The Elements of Evolution (4-1) End-Ordovician Extinction

End-Ordovician Extinction

Beginning 455 MYA, the mass extinction event ending the Ordovician (485–443 MYA) was incited by 2 glaciations with global impact separated by a million years. The 1st glaciation came on the heels of an extraordinarily warm world during the early and middle Ordovician; this despite the Sun basking Earth with 5% less radiation than today.

There must have been a 10% greater concentration of greenhouse gases for such warmth. How that came about, whether by volcanism or a different carbon cycle, is not known. An elevated level of greenhouse gas during hothouse meant low atmospheric oxygen levels: something which organisms had adapted to by the Late Ordovician.

The toll of the Ordovician–Silurian extinction event was: 12% of marine families, encompassing 96% of marine species, at a time when most macroscopic life lived in the seas. More than 60% of marine invertebrates died. In terms of diversity loss, this was the 3rd-worst extinction in the history of life.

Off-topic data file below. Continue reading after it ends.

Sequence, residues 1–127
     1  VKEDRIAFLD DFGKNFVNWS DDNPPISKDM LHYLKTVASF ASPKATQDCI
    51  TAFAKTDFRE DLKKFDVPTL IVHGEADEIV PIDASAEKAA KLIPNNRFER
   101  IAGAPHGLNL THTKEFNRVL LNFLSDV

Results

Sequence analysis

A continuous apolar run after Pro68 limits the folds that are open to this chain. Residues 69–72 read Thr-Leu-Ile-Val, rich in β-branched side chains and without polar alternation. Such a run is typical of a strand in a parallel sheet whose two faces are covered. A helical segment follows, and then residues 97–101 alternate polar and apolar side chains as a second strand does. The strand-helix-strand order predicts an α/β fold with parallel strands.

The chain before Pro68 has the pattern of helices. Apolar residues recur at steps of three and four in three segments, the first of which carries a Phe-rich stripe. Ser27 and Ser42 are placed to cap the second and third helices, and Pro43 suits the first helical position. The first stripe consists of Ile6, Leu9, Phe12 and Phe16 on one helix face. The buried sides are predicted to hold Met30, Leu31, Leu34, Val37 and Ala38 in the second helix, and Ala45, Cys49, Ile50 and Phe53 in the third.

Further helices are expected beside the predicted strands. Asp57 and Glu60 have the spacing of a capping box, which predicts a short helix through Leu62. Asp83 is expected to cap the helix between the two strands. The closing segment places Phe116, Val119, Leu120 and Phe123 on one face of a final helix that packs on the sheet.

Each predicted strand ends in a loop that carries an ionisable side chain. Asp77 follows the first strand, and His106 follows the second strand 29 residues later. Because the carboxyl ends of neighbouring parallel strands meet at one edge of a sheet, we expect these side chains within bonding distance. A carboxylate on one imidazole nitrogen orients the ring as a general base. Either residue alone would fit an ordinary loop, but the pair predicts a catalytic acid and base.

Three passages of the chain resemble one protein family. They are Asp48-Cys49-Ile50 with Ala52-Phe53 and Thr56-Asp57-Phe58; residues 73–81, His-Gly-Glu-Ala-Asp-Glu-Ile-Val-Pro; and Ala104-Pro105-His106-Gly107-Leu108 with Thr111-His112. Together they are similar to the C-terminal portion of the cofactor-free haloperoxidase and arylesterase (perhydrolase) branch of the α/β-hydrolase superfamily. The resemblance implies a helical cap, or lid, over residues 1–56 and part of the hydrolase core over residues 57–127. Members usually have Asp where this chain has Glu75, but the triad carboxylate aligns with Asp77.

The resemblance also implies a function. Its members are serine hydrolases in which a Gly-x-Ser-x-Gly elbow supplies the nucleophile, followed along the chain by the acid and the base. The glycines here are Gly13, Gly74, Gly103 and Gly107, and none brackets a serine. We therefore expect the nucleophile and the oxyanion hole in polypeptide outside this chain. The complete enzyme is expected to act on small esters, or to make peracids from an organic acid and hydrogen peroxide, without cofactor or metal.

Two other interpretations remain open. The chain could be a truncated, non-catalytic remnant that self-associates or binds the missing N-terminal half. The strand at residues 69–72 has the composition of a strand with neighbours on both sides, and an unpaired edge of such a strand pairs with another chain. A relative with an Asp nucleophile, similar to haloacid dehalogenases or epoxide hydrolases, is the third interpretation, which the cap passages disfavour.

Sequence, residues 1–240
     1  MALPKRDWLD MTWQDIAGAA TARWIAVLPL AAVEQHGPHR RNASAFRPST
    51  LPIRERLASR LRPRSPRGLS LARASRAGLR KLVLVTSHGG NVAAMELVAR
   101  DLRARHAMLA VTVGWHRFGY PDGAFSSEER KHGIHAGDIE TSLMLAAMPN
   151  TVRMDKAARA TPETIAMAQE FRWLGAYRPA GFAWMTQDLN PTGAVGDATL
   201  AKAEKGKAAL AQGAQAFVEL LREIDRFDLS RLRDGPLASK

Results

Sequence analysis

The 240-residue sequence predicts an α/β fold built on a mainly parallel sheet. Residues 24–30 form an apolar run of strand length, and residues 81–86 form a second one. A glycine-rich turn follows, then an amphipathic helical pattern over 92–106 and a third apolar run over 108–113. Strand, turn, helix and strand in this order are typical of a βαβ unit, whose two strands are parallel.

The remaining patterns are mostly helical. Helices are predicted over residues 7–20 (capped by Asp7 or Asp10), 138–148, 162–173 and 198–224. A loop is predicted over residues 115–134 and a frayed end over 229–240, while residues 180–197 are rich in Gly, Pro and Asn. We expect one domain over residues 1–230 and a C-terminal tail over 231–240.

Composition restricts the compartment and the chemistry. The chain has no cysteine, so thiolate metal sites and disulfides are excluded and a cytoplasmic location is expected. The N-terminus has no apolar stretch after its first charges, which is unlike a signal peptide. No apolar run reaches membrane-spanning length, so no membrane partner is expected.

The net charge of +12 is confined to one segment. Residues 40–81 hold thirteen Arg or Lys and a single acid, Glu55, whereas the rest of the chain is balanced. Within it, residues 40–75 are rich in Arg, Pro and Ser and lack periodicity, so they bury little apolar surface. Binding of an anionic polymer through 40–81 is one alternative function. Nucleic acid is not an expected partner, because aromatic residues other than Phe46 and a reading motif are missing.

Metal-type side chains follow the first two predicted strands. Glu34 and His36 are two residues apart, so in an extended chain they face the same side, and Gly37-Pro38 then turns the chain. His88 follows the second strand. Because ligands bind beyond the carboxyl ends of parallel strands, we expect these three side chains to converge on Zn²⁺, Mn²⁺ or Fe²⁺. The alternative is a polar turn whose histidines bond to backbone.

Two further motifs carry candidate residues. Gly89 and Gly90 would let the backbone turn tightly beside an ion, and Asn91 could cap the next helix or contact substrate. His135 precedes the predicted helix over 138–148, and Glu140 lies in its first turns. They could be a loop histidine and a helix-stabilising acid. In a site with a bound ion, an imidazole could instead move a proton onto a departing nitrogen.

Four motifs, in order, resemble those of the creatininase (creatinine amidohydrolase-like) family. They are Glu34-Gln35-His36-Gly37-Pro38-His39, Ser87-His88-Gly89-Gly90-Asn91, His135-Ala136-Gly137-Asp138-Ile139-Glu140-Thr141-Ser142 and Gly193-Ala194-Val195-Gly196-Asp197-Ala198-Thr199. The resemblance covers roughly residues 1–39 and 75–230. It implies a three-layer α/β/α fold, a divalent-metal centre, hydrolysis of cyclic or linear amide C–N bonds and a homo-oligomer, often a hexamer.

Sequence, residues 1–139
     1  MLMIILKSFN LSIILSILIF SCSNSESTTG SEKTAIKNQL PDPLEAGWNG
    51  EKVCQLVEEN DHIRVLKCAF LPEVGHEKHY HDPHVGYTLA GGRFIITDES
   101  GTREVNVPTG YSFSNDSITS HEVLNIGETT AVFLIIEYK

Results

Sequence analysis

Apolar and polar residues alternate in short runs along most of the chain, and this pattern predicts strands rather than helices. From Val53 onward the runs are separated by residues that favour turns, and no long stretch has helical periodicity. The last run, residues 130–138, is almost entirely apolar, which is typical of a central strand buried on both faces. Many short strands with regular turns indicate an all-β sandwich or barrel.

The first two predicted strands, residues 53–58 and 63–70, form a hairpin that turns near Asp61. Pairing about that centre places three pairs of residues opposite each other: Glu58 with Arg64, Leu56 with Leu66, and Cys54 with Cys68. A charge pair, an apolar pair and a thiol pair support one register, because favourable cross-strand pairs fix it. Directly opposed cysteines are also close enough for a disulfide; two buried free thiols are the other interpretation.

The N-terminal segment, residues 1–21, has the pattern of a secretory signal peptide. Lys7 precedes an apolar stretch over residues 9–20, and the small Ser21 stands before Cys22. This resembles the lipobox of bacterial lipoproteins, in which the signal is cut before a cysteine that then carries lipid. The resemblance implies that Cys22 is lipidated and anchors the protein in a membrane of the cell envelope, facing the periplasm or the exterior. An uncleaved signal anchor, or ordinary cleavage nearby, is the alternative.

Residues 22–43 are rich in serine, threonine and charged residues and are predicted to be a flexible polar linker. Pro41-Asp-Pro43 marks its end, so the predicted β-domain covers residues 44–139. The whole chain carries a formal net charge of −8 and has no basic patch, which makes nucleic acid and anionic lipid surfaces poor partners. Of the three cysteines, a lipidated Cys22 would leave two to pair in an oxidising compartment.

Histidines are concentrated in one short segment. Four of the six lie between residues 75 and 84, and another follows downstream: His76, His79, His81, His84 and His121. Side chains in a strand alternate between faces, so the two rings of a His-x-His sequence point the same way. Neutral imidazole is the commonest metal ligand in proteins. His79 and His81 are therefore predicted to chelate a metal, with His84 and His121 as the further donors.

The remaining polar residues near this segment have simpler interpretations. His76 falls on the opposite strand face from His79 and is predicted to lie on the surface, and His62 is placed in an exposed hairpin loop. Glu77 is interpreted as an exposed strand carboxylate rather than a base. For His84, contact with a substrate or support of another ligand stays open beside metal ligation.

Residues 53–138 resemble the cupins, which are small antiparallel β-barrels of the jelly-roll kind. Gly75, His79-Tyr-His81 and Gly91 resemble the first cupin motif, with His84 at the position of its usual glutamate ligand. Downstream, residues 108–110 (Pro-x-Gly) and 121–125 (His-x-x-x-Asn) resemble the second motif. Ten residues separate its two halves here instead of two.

During the Ordovician Gondwana shifted south, into the polar region. This, along with the freshening impact of plants’ arrival on land, led to global cooling. The cooling initially delivered anoxic (low oxygen) bottom waters, especially beneath regions of high sea productivity, such as those zones fed by nutrient-upwelling currents. This anoxia accelerated extinction.

The onset of glaciation altered the carbon cycle, with the atmospheric oxygen level rising. This was after much extinction had already transpired.

Glaciation lowered sea levels by 70–100 meters. The drop devastated habitats on the continental shelves.

After the 1st glaciation, the planet reeled from frigid icehouse to hothouse in a half-million years. A strong thermocline developed, returning the deep ocean to its anoxic state.

Sea levels rose rapidly, blanketing shallow marine habitats with anoxic waters. The benthic faunas on the continental margins that had managed to survive the freeze succumbed from the warming.

The species that survived tended to be small and simple. Reducing body size shortens the time to reproductive maturity. This evolutionary strategy provides more opportunities for adaptation from one generation to the next.

The end-Ordovician extinction pulses favored life forms with greater tolerances to changing conditions. This adaptive stratagem would replay in succeeding extinction events.